I am giving you the entire recipe - but I skipped the sauce. Sauteing the fish in butter and then spreading pecan butter on top of the warm fish was enough butter for me! But as you will see below - you are supposed to saute in butter, spread pecan butter over the fish and then top with the sauce. Oh my!
1. Pecan butter: Place all pecan butter ingredients into the container of a food processor or blender. Cover and process to a smooth puree. Set aside.
2. Sauce: In a small bowl, combine flour and 2 Tbs. water to make a smooth paste. In a small saucepan, bring stock, Worcestershire sauce, and lemon juice to a light boil.
3. Whisk about 1/3 cup of the hot stock mixture into the flour paste. Then gradually pour the flour mixture back into the saucepan, stirring constantly with the whisk, and bring to a boil. Whisk in the softened butter, a tablespoon at a time. Keep sauce warm.
4. To prepare the fish, blend the Creole seasoning and salt into the flour in a wide bowl. Beat the eggs with the milk in a second wide bowl.
5. Dust the trout lightly with the seasoned flour. Pass it through the egg wash, and then dredge it through the seasoned flour.
6. In a large skillet, heat half of the clarified butter over medium-high heat until a sprinkling of flour sizzles in it. Add three fillets of trout and sate three or four minutes, until golden brown, turning once. Transfer fillets to serving platter and keep warm. Add the rest of the butter to the pan and sate the remaining trout.
7. Spread pecan butter over trout, sprinkle with roasted pecans, and top with the sauce.
I won't lie to you - even without the rich buttery sauce this was absolutely delicious. Sated, sweet sighs at the dinner table told me so. The pecans caramelized a bit during the saute and nobody ever said a butter sauce didn't tantalize. It's wonderfully wicked.
Now, the Italian way:
For each trout fillet, whisk 1 tablespoon extra-virgin olive oil with 1 tablespoon fresh lemon juice. Add: 1-2 tablespoons of fresh thyme, or oregano or basil or parsley or a combination of your favorite fresh herbs or 1 teaspoon dried Italian seasoning. Salt and pepper to taste. Bake at 350 degrees F until done - 5-10 minutes depending on the thickness of the trout.) If I was thinking, I would have thrown some roasted, chopped hazelnuts on top.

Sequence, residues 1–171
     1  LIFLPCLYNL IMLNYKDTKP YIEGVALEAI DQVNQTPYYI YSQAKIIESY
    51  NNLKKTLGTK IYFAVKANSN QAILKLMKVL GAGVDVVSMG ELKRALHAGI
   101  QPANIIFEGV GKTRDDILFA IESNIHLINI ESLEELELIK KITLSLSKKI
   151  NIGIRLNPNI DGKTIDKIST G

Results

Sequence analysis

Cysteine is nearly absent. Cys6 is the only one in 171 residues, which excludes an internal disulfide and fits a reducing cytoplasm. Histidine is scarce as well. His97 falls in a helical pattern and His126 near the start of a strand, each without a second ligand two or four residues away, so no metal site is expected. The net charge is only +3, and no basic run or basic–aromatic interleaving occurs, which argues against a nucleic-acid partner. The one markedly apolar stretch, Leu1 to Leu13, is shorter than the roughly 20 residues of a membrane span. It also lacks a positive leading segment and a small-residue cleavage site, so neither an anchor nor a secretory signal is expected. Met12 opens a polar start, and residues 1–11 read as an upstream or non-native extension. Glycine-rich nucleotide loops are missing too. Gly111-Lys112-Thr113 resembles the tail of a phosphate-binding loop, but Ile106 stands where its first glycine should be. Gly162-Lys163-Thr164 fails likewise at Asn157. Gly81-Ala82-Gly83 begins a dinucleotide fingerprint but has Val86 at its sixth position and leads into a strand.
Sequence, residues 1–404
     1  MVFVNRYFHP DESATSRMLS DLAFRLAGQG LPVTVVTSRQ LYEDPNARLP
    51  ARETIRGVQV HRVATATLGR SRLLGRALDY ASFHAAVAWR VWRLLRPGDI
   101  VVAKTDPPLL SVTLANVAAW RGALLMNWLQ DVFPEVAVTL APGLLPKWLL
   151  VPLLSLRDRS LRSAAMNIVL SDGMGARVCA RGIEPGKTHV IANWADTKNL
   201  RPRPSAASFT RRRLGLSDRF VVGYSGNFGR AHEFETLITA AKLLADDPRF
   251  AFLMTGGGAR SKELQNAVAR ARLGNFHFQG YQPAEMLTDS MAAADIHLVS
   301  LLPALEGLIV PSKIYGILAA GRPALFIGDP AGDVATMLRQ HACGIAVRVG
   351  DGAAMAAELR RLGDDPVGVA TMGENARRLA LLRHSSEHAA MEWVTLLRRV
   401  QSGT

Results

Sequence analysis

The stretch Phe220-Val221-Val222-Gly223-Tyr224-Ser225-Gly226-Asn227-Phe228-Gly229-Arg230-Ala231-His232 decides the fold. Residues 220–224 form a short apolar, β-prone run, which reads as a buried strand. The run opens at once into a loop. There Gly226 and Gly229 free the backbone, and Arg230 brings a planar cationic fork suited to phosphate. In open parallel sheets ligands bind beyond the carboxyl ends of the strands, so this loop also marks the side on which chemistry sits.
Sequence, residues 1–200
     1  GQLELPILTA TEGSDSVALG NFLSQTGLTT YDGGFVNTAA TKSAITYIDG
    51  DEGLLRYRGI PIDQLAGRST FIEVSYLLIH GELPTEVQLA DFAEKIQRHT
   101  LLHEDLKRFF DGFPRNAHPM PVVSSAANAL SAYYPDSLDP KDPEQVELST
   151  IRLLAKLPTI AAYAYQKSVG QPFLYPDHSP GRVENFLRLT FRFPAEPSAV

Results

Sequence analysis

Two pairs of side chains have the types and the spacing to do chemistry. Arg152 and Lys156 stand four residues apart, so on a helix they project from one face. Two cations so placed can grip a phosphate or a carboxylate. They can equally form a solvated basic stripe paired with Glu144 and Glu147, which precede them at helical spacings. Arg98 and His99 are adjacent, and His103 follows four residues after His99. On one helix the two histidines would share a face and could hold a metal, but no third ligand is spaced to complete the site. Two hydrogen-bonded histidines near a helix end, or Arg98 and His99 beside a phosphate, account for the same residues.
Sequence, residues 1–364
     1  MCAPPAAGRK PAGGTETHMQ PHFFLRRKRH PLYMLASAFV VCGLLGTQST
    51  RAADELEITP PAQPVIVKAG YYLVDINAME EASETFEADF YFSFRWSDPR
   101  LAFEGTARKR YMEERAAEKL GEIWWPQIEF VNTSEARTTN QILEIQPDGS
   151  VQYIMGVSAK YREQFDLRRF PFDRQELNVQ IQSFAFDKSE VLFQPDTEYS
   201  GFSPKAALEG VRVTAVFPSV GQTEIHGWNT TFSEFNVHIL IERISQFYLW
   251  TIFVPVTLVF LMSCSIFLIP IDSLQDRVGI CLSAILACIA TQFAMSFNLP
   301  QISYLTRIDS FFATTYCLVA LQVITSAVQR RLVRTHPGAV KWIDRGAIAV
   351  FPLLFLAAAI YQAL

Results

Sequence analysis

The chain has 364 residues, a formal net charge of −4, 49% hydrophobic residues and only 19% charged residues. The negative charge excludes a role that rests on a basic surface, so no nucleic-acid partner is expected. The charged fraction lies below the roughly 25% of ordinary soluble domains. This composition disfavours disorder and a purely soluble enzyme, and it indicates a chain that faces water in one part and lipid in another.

A song of spring.
A word about pecans: in days of yore, I did summer stock in Flat Rock, North Carolina. I met a friend who later stayed with me in my tiny NYC apartment. As a thank-you - she sent me a huge box of fresh pecans - just picked from her tree. I brought them to my family and we wondered what to do with all those pecans. In the end, we simply ate them over the course of one weekend. I had never had a pecan that didn't come in a package and the fresh nutmeats were a welcome revelation. I can still remember my fingers and toes waking up to each rich bite.
A word about diets: Years ago, my cousin and her husband went on a diet together. She went to Weight Watchers and he gave up his daily Dove Bar. Guess who lost more weight?
Please check out what the other bloggers are doing for Week 33 of Female Chef Gourmet Game Changers. And if you want to join in the fun, e-mail Mary at One Perfect Bite. Mary started this delectable journey.
Sunday, February 5, 2012
Expect the unexpected. It's the sweet juice in life. Sometimes you think it's a curve ball and you duck but when you come up - if you're lucky - you just may find something new to enchant. And during those moments - you never grow old.
We found a legion of Roman soldiers in Bologna.
And insights as to how they lived.
Frescoes in unexpected places.
And Ragu Bolognese in every city we visited. You don't need to go to Bologna to have a terrific plate of ragu. And even if an ocean is standing in the way of you and Italy - this recipe will fly you there - as surely as you grabbed the tail end of a kite and soared there yourself.
This is a particularly earthy version. The porcini mushrooms just thrust you into the Italian countryside where you think yourself the mighty forager. It's hearty, meaty and substantial. Perfect for a snow day. Especially when the snow day is unexpectedly in Rome!
Fettuccine with Sausage Ragu from Tastes of Italia
Makes 4-6 servings (I would say this makes closer to 4 servings - I doubled this to serve 7)
1/2 pound fettuccine - cooked al dente
3 ounces dried porcini mushrooms (can use less - I used 3 ounces for the doubled recipe)
1 cup beef broth
3 tablespoons butter
1 cup chopped onion
1 pound Italian sweet sausage, crumbled (can use turkey sausage)